Equal Justice for All

After so many years of progress for LTBTQ and minorities under President Obama, these last few years have been painful. The country seems to be fracturing, first from COVID-19, and now from the death of George Floyd, with cities exploding into anger and protests, and in some cases violence. It is hard to watch for too long without turning away.

As a child I remember watching TV images of Vietnam protests and documentaries in religious school about the freeing of the concentration camps after World War II. It was hard then to make sense of the cruelty in the world. It is still hard today to see our country being torn apart and racial injustice running rampant.

Today, sitting in our suburban home, the events happing just a few miles away in Washington, D.C. seem like another world. Our neighborhood is quiet and the stores seem unaffected. I spoke to a woman earlier today who had helped care for my father during the last year of his life. In her community, a poor, black, inner city area, stores have been looted and people are unable to purchase basic goods. She was angry that mothers could not buy diapers for their babies or food for their families due to the looting and violence.

I do understand the anger in people across the country. The COVID-19 pandemic wiped out jobs and incomes, particularly affecting low income individuals. Then comes the brutal murder of George Floyd by police officers. It is like a one, two punch. The tinder was ready to be lit and it was.

I see the protests in our streets as more than a moment in time. I see the culmination of the past few years where minorities saw gains made under Obama repeatedly lost. We have watched right wing hate go mainstream and a president continuously fanning the flames of discord and hatred.

The protests are a wonderful moment where people say, no more! While I do not condone the violence and destruction, I think the protests happening across the USA are an important moment of resistance and a standing up for equal justice for all.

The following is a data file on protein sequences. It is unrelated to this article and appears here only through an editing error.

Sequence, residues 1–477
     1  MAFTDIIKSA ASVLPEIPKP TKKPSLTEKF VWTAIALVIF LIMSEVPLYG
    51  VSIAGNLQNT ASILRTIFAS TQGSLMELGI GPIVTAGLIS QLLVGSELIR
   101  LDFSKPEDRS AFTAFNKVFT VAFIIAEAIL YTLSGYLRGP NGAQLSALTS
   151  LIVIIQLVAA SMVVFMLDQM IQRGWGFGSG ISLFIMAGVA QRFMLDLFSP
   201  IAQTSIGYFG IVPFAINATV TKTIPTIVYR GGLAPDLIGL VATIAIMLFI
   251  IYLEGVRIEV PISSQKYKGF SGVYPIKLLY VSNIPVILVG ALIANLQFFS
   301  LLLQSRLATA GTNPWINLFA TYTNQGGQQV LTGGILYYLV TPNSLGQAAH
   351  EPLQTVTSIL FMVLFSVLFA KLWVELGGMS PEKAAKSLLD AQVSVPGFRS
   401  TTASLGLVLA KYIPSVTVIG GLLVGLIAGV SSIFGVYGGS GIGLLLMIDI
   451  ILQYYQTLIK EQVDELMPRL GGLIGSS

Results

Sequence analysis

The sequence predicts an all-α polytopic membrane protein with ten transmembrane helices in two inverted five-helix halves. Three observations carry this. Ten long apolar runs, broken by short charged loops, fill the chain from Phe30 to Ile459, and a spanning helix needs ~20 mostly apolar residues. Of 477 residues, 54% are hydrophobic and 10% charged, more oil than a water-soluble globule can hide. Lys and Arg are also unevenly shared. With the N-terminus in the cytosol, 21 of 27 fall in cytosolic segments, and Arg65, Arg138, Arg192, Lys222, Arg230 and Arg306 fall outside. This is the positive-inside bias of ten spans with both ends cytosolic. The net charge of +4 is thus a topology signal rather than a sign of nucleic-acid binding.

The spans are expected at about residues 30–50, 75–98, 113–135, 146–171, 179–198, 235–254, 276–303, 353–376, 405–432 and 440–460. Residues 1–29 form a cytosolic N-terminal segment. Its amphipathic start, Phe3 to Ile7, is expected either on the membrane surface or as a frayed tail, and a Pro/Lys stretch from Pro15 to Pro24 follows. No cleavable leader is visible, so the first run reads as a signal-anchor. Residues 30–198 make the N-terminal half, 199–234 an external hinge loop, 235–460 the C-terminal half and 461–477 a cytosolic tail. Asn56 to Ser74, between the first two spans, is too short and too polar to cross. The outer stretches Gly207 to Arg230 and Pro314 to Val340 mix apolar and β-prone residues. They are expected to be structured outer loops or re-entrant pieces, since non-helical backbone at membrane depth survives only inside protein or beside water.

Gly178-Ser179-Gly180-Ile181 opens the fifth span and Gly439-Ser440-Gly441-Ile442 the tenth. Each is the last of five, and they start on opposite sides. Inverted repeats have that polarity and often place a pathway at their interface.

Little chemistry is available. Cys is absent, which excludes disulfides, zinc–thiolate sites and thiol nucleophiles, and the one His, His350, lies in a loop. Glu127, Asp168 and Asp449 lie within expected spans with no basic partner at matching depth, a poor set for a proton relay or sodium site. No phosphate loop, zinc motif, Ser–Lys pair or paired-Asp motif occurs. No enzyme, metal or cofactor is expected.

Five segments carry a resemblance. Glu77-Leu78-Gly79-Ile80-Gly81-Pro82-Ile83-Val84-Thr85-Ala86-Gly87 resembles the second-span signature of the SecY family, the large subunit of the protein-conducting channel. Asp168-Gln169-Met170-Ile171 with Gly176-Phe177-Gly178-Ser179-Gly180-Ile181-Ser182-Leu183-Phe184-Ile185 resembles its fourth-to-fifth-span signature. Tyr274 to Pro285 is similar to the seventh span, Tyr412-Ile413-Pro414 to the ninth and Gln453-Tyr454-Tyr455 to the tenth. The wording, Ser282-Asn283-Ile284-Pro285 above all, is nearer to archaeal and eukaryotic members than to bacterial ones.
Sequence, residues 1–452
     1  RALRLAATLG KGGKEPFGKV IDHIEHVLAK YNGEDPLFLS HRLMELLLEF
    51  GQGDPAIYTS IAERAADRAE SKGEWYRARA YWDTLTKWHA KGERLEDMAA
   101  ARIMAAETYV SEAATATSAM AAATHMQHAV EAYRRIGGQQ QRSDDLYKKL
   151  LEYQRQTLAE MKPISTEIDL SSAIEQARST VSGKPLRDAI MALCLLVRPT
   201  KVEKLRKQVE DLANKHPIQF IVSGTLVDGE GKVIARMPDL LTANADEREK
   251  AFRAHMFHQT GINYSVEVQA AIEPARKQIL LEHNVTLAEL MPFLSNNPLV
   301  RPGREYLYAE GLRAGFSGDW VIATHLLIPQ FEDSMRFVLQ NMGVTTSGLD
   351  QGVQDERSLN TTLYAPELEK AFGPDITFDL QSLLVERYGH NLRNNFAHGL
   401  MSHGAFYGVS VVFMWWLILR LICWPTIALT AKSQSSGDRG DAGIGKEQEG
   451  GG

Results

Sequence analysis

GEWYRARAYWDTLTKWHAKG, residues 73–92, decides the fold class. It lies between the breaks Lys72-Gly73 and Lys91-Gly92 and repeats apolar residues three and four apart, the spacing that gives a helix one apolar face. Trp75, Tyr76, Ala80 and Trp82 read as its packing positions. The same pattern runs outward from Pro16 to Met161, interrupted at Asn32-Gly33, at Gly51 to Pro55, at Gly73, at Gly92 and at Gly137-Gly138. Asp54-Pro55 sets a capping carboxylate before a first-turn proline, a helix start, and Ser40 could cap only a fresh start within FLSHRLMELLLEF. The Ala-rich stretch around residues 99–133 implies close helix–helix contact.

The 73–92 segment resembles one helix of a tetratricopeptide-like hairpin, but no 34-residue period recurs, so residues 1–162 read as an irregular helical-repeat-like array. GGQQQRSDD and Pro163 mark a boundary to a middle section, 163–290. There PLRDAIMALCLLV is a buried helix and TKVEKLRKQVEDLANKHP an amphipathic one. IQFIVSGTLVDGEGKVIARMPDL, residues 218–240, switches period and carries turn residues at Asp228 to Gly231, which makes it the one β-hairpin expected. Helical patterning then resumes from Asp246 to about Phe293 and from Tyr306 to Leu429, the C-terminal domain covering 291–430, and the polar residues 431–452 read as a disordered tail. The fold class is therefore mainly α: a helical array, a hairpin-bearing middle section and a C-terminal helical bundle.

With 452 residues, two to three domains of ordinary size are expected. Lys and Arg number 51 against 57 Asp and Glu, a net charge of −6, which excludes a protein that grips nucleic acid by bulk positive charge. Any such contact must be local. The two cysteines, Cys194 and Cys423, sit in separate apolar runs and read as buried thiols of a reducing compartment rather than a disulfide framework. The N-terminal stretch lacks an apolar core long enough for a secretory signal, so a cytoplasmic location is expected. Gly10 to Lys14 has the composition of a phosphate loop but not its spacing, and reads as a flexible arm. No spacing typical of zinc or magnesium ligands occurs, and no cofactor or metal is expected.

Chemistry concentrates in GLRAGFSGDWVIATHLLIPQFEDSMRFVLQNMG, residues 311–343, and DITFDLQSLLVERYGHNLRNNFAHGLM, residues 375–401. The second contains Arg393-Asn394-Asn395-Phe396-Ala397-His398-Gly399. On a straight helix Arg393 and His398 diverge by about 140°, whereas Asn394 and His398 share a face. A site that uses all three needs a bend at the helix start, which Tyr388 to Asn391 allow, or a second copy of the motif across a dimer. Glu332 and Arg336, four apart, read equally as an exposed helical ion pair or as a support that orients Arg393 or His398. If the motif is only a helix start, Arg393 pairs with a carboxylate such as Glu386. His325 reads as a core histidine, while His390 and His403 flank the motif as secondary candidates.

The Camera

I have a vivid memory of a birthday when I was around eight years old. I had gotten a brownie camera that morning, a birthday gift from my parents. I was excitedly running around the house taking pictures. Suddenly dad was angry at me. I had done something wrong in the eyes of my father. I was never exactly sure what I had done. He got angry at me, threatening some kind of punishment. I remember being very hurt that my father was yelling at me on my special day. There was something about me that could bring out my fathers anger, even thought I knew he loved me.

Continue reading

Reality, Circa 1971

As a child I knew that I was different. I didn’t care for team sports. To this day I don’t understand football. In third grade at recess I preferred to sit with my friend Billy at the base of large tree and create a whole imaginary world with sticks and leaves while all the other boys in my all boys’ school played baseball.

Continue reading

Brave New Gay World

The phrase, internalized homophobia, sounds like such a clinical term for something that is so insidious and works within so many gay men.

Wikipedia describes internalized homophobia this way:

“Internalized homophobia refers to negative stereotypes, beliefs, stigma, and prejudice about homosexuality and LGBT people that a person with same-sex attraction turns inward on themselves, whether or not they identify as LGBT.”

Continue reading

Not Your Shame Alone

I received an email from a man in his mid 50’s who is married, considers himself gay, has never been with a man sexually, and feels tremendously guilty and ashamed.  He asked me: “Does anyone else have this similar situation – or am I the only 55 year old virgin to sex with a man who is afraid to change his present situation?”  I wrote him the following: Continue reading